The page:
“This means you don’t have to pay the duty or VAT immediately. You would pay that once a month. The goods are then able to get through the port quickly.”
Getting customs documentation wrong can mean goods are held up, or even confiscated.
“If there’s ever going to be a delay, it will be with customs,” adds Limerick.
Delays can mean not only increased costs for you in terms of lost revenue and storage fees, but also for your freight company, who might find one of their HGVs is not available for the next job – and who will then pass the cost on to you.
“Customs brokers are headache avoiders,” says Limerick. “That is exactly what a customs broker offers. Customs brokers take away the pain at the port of entry.”
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Customs brokers: Local vs international
It’s best to go local with customs brokers, continues Limerick.
He says: “If you’re exporting something out of Felixstowe and you’re looking for a customs broker to clear your goods, then the best one to use would be a customs broker in Felixstowe.
“He will know who the local customs guys are. The customs officer will have him on speed dial. He will know who he is and he will know that that broker is making a call to smooth a transition of a problem.”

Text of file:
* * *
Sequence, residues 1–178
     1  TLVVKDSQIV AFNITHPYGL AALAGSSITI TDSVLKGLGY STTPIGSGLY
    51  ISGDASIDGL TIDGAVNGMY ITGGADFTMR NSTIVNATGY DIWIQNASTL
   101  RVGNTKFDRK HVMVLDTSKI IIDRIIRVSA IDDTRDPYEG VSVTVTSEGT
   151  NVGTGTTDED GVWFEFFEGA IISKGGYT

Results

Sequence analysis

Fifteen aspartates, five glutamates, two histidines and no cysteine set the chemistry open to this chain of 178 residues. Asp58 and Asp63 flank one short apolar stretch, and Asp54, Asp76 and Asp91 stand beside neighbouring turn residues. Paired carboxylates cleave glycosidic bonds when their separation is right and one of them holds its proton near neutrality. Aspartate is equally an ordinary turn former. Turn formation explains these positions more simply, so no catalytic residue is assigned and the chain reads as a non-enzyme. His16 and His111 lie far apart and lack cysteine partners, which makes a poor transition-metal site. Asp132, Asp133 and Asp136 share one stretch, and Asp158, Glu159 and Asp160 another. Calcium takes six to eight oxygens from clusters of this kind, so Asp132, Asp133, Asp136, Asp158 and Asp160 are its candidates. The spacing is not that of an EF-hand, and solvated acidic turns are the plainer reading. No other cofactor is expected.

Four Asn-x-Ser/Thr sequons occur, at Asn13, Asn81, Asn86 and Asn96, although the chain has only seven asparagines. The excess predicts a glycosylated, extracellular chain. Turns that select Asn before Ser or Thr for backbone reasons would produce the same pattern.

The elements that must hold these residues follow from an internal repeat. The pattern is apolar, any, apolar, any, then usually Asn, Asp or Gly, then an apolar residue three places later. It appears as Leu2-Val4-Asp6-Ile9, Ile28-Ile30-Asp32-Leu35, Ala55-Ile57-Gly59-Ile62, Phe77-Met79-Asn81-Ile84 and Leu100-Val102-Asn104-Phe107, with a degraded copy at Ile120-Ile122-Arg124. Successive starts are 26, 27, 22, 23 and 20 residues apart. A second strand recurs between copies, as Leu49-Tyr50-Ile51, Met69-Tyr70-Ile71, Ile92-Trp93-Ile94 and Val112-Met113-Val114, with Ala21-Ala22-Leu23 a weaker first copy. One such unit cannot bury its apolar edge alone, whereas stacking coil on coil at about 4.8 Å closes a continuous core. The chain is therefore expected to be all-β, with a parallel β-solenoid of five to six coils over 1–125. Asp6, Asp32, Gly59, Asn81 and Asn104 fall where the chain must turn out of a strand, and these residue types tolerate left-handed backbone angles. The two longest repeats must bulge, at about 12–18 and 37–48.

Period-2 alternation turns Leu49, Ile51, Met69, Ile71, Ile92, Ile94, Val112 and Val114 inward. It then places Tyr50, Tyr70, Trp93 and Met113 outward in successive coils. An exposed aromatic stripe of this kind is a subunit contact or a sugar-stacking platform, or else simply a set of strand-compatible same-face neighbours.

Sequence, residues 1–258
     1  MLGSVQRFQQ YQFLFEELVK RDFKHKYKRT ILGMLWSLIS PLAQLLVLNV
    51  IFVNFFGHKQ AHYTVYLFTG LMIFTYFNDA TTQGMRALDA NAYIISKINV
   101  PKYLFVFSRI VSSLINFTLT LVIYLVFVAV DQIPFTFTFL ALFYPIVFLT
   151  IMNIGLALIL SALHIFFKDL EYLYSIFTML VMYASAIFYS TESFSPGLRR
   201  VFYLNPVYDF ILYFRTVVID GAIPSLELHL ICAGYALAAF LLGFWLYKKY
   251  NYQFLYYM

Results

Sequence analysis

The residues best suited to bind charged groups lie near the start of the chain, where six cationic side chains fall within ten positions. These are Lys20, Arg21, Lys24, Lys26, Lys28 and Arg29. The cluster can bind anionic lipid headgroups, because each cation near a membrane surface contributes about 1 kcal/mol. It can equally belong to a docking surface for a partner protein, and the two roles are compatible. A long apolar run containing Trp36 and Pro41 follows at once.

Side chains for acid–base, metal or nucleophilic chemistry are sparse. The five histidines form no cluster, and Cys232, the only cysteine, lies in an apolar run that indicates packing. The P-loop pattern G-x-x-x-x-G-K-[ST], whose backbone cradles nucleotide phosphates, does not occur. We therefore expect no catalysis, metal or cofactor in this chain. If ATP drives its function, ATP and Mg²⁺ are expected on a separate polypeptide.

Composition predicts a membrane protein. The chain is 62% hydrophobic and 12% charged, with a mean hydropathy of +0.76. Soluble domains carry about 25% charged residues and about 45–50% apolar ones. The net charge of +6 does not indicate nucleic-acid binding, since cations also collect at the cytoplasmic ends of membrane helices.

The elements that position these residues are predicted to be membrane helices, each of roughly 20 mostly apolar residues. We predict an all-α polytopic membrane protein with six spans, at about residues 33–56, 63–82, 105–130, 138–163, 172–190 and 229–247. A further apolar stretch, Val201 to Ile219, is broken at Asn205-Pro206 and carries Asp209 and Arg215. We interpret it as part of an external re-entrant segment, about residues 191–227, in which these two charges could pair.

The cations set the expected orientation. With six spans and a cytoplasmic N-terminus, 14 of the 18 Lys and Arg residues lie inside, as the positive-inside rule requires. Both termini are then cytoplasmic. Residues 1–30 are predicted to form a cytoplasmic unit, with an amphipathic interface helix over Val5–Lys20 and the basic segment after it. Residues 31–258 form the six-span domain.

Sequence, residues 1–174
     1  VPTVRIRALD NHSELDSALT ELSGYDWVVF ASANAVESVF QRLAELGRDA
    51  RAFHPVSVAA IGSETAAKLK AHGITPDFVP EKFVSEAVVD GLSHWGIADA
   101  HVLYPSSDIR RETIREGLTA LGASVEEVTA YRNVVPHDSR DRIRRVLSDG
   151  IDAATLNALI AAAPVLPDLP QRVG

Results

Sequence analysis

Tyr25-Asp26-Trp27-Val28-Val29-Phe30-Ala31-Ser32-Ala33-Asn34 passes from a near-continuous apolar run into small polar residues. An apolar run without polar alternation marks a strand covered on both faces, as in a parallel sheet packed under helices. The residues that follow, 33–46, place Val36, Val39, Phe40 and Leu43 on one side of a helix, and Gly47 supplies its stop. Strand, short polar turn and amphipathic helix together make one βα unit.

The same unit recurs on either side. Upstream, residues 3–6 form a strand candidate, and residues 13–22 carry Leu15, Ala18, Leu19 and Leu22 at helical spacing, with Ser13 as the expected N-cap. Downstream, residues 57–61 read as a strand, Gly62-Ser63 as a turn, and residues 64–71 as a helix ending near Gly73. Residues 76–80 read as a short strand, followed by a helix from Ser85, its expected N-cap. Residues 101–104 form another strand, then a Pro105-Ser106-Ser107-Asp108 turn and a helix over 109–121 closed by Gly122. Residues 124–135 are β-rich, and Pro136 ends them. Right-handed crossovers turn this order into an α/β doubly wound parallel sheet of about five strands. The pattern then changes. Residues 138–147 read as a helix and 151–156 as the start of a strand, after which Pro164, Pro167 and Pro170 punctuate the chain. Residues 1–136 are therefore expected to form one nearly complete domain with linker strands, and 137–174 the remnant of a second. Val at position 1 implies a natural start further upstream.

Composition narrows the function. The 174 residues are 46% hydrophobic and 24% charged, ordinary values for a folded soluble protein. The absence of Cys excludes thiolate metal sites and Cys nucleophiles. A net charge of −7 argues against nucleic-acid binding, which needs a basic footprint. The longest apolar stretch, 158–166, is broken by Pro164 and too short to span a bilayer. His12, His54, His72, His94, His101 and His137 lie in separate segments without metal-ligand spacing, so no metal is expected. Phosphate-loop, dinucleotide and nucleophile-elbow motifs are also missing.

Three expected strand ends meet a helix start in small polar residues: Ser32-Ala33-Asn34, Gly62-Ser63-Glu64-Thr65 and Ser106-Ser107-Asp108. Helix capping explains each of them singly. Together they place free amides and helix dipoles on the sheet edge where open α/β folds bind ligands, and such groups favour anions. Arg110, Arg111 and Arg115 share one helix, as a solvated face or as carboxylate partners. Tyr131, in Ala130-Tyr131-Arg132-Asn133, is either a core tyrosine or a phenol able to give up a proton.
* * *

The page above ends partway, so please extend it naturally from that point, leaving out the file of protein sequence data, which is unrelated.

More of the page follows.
The destination is important too.
Another benefit of using a customs broker is that they will advise about processing the goods once they reach their destination, and often this means making use of a trusted customs broker there.
Limerick provides the example of a car export he undertook recently for an auction in the US. Part of this involved employing a local customs broker in addition to his own services.
He says: “It was unusual because the car wasn’t being sold. It was being putting it into auction. You couldn’t determine a value because it hadn’t been sold. So, I’ve now got a Texas customs officer scratching his head.
“As it happens, the auctioneer had a bond. An estimated value was put on the vehicle. That meant it cleared customs. We handled all this before the vehicle even arrived.
“But if we hadn’t used the right customs broker in Texas to figure things out, the car would have missed its auction.”
How to choose a customs broker and how much they cost
While some countries license customs brokers, there is no such requirement in the UK.
“Ask your shortlist a couple of pertinent questions,” he says. “For example, ask them what the customs code is for what you’re export or importing.
“Within a very short space of time, that customs broker should be able to tell you what that customs code is, what that duty is for the particular country you’re shipping it to or what the import duty is for that in the UK.
“It’s a very simple question that would weed out the wheat from the chaff.”
The risk of being scammed are slight, he suggests.